Saturday, October 11, 2008


two sundays ago, mia and i visited the brookfield zoo "located outside of chicago" (i lifted that from the website and is surprisingly not a reflection of my laziness at researching details). it was a cloudy day but it wasn't bad enough for us to develop a case of frozen joints. it wasn't that cloudy though that i couldn't see there were more food stalls than animals in that giant expanse of land.

without realizing it, we must've clocked in over 4 hours of nonstop walking. you don't feel how tired you are until you sit down briefly on a wooden bench and think it's as comfy as the magic couch back home that lulls you to sleep within the first 15 minutes of sinking into it and makes you wonder why you ever have to leave the house.

back to the potentially enriching story at hand.

there's nothing like an afternoon of communing with nature to make you realize a few things about your own nature and ... you know ... life and stuff:

1. some good ideas are actually not.

we made sure we were early for the 2 pm dolphin show. my sister and i are suckers for dolphin shows. i must've seen about 3 or 4 already and they've never failed to deliver. there's something about smug-looking fish casually jumping out of and skimming across water that makes my inner child happy.

so we got there with some good seats still available. we made our way to what i call the splash zone (or maybe that's what it was really called, i can't remember), which were a few rows close enough to water such that ... okay, if you haven't figured out what 'splash zone' meant by now, you really shouldn't be reading nonsensical blogs.

anyway, yey! splash zone! (got it yet?)

the show started and sure enough, we got splashed by the dolphins. however, i did NOT expect that the splashes would be that huge. we realized too late that walking outdoors on a cold day with wet jeans and wet jackets may not be the smartest thing to do. also, two words: dolphin pee.

2. there is a reason why swamps are outdoors.

there were a number of exhibits at the zoo when we visited. some were housed in a separate enclosed structure that were designed to make you feel like you were actually in the featured ecosystem. (ps, it was nice to dig up a word from my elementary years) (fyi, it was 'ecosystem', not 'featured') (fyi, i like clarifying for my readers).

so let me say this: swamps and rain forests should not be confined inside a building. the moment we opened the door of the swamp exhibit, we were greeted by a cold wind that smelled of damp frog and other swampy scents. notsolittle sister pinched her nose while we semi-ran through the entire display of green water, amphibians, reptiles, insects and wet foliage. incidentally, this reminded me of how older sister and i semi-ran (more like dashed madly) through the hollywood wax museum in 1991. as to why we even bother entering creepy/stinky/swampy exhibits is a mystery. i mean, screaming in horror at the creepy wax interpretation of the last supper or waiting for a snapping turtle to snap hardly qualifies as living on the edge.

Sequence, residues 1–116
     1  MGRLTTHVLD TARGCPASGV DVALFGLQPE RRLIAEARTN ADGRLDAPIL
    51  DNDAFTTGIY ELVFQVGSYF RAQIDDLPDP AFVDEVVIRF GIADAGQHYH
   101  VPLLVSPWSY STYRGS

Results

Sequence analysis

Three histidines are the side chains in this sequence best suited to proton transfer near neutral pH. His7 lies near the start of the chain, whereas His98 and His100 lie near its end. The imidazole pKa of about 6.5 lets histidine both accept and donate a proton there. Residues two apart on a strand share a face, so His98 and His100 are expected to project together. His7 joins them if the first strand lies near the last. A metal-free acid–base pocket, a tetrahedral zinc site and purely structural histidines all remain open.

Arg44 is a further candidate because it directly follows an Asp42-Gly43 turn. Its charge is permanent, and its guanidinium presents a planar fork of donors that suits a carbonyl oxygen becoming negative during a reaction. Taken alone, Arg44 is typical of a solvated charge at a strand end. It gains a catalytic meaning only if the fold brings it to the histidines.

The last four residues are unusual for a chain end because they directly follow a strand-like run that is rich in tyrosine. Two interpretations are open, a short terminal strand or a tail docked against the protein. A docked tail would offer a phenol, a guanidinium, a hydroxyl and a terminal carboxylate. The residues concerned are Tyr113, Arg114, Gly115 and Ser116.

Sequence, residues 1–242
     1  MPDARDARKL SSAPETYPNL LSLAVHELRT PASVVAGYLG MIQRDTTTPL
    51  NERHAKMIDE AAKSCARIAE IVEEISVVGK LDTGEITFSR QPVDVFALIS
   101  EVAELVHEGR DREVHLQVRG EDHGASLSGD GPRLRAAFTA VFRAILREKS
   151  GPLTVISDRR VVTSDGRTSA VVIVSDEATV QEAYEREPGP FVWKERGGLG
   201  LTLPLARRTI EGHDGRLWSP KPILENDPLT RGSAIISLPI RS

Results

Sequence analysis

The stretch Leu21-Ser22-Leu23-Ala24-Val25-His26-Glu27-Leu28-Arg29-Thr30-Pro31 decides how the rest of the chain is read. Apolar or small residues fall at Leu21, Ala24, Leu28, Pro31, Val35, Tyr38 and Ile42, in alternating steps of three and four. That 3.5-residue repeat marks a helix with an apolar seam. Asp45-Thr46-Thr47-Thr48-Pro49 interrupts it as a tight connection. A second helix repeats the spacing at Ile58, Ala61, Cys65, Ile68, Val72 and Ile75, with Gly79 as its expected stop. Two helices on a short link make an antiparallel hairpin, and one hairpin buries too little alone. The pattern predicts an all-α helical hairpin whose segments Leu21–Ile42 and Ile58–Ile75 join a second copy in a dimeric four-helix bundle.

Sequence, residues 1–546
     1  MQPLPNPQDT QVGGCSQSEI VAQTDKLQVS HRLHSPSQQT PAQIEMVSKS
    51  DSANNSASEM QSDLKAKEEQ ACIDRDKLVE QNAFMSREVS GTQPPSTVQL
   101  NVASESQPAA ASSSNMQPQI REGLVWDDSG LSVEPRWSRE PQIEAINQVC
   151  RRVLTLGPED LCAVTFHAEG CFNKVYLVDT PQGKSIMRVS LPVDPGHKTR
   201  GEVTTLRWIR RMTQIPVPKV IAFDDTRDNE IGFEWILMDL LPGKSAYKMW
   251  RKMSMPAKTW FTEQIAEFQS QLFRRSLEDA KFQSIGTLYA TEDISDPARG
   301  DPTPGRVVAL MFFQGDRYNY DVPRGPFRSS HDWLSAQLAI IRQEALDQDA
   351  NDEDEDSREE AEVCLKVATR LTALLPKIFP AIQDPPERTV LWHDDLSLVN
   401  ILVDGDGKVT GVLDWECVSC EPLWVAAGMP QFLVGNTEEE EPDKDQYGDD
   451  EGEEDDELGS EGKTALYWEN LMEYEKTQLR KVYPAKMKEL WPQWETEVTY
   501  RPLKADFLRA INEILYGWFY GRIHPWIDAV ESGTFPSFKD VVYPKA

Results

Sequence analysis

one of the special exhibits at the zoo for the month of september was an area where you could get your hands wet and fondle cownose rays, southern stingrays and white-spotted bamboo sharks.


mah sister and i were game (or so we thought). we kneeled beside the shallow tank and ... did nothing. with our hands poised as though we were going to dip them, we just stared at the rays and sharks swimming within arm's reach.

a confession: i never liked stingrays. i don't like animals that look like inanimate objects. to me, rays look like terrifying evil kites that came to life one cursed day. i honestly have nightmares about a whole slew of sea creatures. what possessed me to think i could actually TOUCH them???

after about 20 minutes of just being near the water, the fish whizzing by and lots of brave, excited toddlers who were practically IN the tank, mia came up with a bright suggestion:

mia: we can do this. think of it as touching fish. we're just going to touch fish!

me: ok! good! touching fish! (2 seconds pass) but wait ... i don't like touching fish.

mia: oh. right.

me: why do we have to do this?

mia: hmm.

and so we left the evil kites and the white-spotted bamboo sharks in search of animals that looked like animals.

i realize this anecdote makes us look like a couple of chickens but the zoo needed a poultry exhibit anyway.

4. a baby giraffe makes the heart grow fonder.

i told them to fall in line according to height
this was my favorite part of zoo day – seeing the baby giraffe. and this is my favorite part of writing this entry (aside from pressing 'publish') – discovering that a baby giraffe is a 'giraffe calf' and saying it softly to myself over and over. giraffe calf. giraffe calf. aww.

hmm, i had a point.

oh yes. the ... 6-foot baby animal. when we visited, the baby was just over a month old and, for most of the time we were in the vicinity, was just standing there. just standing and looking at us looking at him. his look said, 'veeeeeeeeeery funny. who was the wise guy who thought it'd be hilarious to put a newborn on stilts?'

so it just stood there, being cute. and we just stood there as well, trying hard not to break down in tears at the cuteness of it all. we failed.

seriously. a baby giraffe. a giraffe calf! life doesn't get much better than seeing one up close.

(anticlimactic portion of blog entry: of course life DID get a teeny bit better after the tiring zoo trip. one word: sushi.)


estikoy said...


estikoy said...

you didn't tell me about the dolphin show! so cool!